Tonight at 9 p.m. ET, Congress - just back from its Christmas break (yes, really) - will get an update on the state of our union. There is really only one answer to this question, the same way there’s only one answer when your great-aunt asks how you’re doing. It does not matter if you’ve just been dumped; if your dog has a bizarre and untreatable personality disorder; if your car still uses a tape deck, and the cassette permanently lodged in that tape deck is late-career Rick Astley. The answer to that question is always, always “fine.” And every year, no matter what, the President of the United States reports to Congress that the state of our union is “strong.”
The speech is, at heart, just a guide to what policies the White House wants to project as its priorities. Will President Obama see any of the proposals he’ll share tonight actually become law? If you’ve been watching any CNN at all, you know the answer to that question too: Probably not. And if they do, it won’t be be this Congress that passes them. Lawmakers have been publicly speculating that partisan gridlock may make this year’s session even more unproductive than last year’s, which was already the least productive of the post-World War II era. In other words: the most spectacular achievement we can probably expect out of Capitol Hill this year is a blazingly unprecedented new standard in unachievement.
So why do we care? Is it still worth tuning in tonight? Yes, it is.
For one thing: if you’re interested in this year’s White House race, it’s safe to consider this President Obama’s first big campaign address of 2012. What we’re likely to hear from him in the coming days, as he plugs his new agenda at stops in battlegrounds like Nevada and Colorado, will be previewed here tonight. We'll hear a more critical look at the same laundry list on the trail and on the debate stage this Thursday from the Republicans who'd like to replace him. And if he does win reelection, what we hear tonight is likely to provide the outlines of the agenda to expect from a second term.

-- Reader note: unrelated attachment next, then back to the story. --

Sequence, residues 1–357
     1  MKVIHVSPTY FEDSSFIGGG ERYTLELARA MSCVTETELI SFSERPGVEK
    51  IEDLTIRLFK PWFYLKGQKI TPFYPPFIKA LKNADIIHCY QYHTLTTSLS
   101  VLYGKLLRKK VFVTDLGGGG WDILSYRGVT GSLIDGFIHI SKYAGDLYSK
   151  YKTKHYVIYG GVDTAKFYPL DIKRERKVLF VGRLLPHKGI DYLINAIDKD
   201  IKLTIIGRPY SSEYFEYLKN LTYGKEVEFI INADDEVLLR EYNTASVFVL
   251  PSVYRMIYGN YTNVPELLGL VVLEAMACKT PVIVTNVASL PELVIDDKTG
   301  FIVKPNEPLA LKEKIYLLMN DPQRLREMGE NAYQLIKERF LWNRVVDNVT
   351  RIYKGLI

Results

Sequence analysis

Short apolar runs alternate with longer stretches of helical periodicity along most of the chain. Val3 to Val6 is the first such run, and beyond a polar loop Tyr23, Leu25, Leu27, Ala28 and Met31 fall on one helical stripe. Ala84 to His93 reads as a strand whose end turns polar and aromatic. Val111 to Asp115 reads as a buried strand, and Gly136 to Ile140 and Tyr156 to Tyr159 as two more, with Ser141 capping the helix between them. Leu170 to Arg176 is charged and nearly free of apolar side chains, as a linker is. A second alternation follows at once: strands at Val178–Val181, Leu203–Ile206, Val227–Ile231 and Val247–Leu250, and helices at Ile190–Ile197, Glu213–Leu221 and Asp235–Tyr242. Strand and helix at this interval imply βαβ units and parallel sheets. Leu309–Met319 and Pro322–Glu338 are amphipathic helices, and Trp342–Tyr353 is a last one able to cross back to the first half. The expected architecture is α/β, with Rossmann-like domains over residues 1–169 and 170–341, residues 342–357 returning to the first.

Here at 360, our State of the Union coverage starts at 8 p.m. ET and runs through midnight ET. As a preview, here are some of the advance excerpts released by the White House this evening:
“Think about the America within our reach: A country that leads the world in educating its people. An America that attracts a new generation of high-tech manufacturing and high-paying jobs. A future where we’re in control of our own energy, and our security and prosperity aren’t so tied to unstable parts of the world. An economy built to last, where hard work pays off, and responsibility is rewarded. “
“….The defining issue of our time is how to keep that promise alive. No challenge is more urgent. No debate is more important. We can either settle for a country where a shrinking number of people do really well, while a growing number of Americans barely get by. Or we can restore an economy where everyone gets a fair shot, everyone does their fair share, and everyone plays by the same set of rules. What’s at stake are not Democratic values or Republican values, but American values. We have to reclaim them.”
“As long as I’m President, I will work with anyone in this chamber to build on this momentum. But I intend to fight obstruction with action, and I will oppose any effort to return to the very same policies that brought on this economic crisis in the first place.
No, we will not go back to an economy weakened by outsourcing, bad debt, and phony financial profits. Tonight, I want to speak about how we move forward, and lay out a blueprint for an economy that’s built to last – an economy built on American manufacturing, American energy, skills for American workers, and a renewal of American values.”
“Let’s never forget: Millions of Americans who work hard and play by the rules every day deserve a government and a financial system that do the same. It’s time to apply the same rules from top to bottom: No bailouts, no handouts, and no copouts. An America built to last insists on responsibility from everybody.”
Anderson Cooper goes beyond the headlines to tell stories from many points of view, so you can make up your own mind about the news. Tune in weeknights at 8 and 10 ET on CNN.
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